BACKGROUND: Dialysis patients are at high risk of being infected by the novel coronavirus. This article aimed to share our experience in preparing hemodialysis centers in fighting against the COVID-19 in Sichuan province. METHODS: To control COVID-19, the Sichuan Renal Disease Quality Control Center (SRDQCC) organized a multidisciplinary team to draft and distribute documents for dialysis centers. The SRDQCC also established an online education system and a registry. A survey was used to assess the resources and the preparation of the dialysis centers. Patients with infected COVID-19 were transferred to the referral hospitals and treated with continuous renal replacement therapy (CRRT) in isolated rooms. RESULTS: All 21 regions in Sichuan province had designated specific referral hospitals for COVID-19. The documents drafted by the SRDQCC were distributed to all dialysis centers. A total of 313 records from the survey showed that 96% (301/313) of the dialysis centers had set up an emergency program based on the relevant documents. Only 39% (121/313) of the centers had emergency isolated room(s) for COVID-19. Also, 22% (68/313) of the centers had their patient(s) moved to other centers. The online system educated medical staff in 87% (271/313) of the centers. The online registry received 329 records. Four cases of COVID-19-infected dialysis patients were reported until March 3rd, 2020. There were no outbreaks of COVID-19 in any dialysis center in Sichuan province. CONCLUSIONS: The experience of dialysis centers in Sichuan province in fighting against COVID-19 is worth sharing. Dialysis centers need to be prepared to cope with infectious epidemics guided by national as well as regional quality control centers or other similar organizations.


Subject(s)
COVID-19 , Epidemics , Kidney Failure, Chronic , Humans , Kidney Failure, Chronic/epidemiology , Renal Dialysis , SARS-CoV-2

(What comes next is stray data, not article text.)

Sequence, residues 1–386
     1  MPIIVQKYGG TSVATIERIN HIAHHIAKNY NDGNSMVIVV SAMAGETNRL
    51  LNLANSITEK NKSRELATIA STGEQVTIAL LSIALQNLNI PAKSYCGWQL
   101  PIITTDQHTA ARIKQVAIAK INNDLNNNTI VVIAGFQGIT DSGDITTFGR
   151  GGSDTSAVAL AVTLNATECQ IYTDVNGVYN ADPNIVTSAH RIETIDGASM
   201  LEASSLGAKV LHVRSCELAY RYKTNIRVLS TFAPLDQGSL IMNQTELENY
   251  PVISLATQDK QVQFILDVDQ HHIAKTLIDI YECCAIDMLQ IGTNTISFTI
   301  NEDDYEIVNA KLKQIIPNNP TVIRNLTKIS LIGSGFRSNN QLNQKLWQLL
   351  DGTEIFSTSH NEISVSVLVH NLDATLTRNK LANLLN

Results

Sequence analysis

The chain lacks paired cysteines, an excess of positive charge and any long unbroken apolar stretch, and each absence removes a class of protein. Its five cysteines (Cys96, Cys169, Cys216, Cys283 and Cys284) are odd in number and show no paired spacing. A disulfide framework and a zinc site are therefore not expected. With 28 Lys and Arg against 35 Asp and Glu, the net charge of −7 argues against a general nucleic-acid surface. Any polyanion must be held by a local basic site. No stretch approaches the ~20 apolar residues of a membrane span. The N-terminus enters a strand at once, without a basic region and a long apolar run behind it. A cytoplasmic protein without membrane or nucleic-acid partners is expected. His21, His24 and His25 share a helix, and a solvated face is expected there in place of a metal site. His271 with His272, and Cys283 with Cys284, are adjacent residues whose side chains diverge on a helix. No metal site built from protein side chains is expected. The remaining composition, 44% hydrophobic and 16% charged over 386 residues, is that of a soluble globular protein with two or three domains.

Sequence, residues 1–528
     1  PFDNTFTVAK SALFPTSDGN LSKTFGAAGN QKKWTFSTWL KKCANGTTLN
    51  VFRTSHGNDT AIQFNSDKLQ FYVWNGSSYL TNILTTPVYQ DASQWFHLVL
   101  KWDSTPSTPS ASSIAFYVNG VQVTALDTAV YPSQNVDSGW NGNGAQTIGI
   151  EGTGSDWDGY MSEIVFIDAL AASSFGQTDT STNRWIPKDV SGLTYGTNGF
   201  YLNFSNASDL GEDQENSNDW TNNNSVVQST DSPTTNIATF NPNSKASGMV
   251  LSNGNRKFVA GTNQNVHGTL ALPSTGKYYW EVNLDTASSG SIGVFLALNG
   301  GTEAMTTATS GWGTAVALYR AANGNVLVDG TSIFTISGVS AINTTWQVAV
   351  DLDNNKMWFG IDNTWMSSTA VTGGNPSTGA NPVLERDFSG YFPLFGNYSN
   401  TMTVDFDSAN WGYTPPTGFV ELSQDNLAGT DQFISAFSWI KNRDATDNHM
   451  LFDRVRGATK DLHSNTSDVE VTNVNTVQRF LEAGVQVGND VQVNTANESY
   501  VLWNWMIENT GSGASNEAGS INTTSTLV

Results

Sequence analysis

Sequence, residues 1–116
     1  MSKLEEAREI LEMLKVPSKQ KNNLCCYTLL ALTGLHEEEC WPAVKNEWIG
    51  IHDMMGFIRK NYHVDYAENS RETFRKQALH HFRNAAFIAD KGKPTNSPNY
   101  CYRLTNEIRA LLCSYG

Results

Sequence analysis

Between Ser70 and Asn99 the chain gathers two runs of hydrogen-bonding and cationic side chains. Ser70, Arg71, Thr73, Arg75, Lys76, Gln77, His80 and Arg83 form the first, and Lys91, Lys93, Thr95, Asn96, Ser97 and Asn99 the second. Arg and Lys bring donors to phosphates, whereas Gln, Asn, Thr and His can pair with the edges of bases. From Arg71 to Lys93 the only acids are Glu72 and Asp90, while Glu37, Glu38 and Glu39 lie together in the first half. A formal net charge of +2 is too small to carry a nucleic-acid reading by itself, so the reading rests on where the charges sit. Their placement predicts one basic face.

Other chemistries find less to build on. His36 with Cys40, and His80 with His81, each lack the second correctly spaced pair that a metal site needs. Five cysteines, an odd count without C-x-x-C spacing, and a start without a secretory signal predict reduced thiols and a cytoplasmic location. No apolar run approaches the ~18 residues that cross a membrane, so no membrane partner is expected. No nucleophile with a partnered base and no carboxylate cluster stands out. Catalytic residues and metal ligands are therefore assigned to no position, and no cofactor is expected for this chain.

20.
Acta Biotheor ; 70(1): 8, 2021 Dec 27.
Article in English | MEDLINE | ID: covidwho-1588785

ABSTRACT

The challenges with modeling the spread of Covid-19 are its power-type growth during the middle stages of the waves with the exponents depending on time, and that the saturation of the waves is mainly due to the protective measures and other restriction mechanisms working in the same direction. The two-phase solution we propose for modeling the total number of detected cases of Covid-19 describes the actual curves for many its waves and in many countries almost with the accuracy of physics laws. Bessel functions play the key role in our approach. The differential equations we obtain are of universal type and can be used in behavioral psychology, invasion ecology (transient processes), etc. The initial transmission rate and the intensity of the restriction mechanisms are the key parameters. This theory provides a convincing explanation of the surprising uniformity of the Covid-19 waves in many places, and can be used for forecasting the epidemic spread. For instance, the early projections for the 3rd wave in the USA appeared sufficiently exact. The Delta-waves (2021) in India, South Africa, UK, and the Netherlands are discussed at the end.


Subject(s)
COVID-19 , Epidemics , Animals , India , SARS-CoV-2